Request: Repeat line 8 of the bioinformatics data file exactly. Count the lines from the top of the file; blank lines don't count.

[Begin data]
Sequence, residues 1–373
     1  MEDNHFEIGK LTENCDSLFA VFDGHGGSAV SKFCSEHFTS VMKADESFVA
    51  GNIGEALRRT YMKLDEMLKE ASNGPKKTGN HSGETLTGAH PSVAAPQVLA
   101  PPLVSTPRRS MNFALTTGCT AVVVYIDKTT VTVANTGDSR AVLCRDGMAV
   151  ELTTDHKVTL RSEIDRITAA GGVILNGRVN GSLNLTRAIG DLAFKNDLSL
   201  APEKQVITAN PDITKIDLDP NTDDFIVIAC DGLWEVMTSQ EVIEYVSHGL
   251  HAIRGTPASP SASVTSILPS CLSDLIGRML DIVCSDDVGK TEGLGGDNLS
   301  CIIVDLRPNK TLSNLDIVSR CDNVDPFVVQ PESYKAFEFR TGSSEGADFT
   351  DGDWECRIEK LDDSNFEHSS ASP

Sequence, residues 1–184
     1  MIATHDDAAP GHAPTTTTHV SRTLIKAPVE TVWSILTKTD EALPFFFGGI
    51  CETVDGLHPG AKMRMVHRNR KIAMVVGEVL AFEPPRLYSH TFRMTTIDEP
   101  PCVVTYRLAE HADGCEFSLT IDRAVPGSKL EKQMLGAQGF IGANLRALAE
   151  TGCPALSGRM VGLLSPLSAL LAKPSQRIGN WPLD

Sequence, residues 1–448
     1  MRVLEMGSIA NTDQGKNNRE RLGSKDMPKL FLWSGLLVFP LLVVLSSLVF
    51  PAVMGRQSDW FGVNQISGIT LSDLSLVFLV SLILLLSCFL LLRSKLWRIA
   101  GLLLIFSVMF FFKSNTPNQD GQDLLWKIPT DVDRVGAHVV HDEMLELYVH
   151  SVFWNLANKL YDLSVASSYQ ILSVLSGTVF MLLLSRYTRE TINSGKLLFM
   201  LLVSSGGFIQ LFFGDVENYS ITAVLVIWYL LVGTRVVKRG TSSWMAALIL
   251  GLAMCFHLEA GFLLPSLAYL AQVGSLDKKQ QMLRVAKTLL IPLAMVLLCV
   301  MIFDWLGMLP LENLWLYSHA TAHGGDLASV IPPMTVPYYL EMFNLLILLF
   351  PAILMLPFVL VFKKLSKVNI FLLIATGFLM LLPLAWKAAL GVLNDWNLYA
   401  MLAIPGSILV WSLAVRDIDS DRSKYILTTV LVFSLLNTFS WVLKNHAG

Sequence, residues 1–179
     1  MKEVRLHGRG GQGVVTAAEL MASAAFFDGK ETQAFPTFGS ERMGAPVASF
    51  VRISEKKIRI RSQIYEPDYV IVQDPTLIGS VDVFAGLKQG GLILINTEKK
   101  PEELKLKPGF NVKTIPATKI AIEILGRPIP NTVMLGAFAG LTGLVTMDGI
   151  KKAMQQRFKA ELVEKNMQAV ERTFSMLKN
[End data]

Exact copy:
   301  CIIVDLRPNK TLSNLDIVSR CDNVDPFVVQ PESYKAFEFR TGSSEGADFT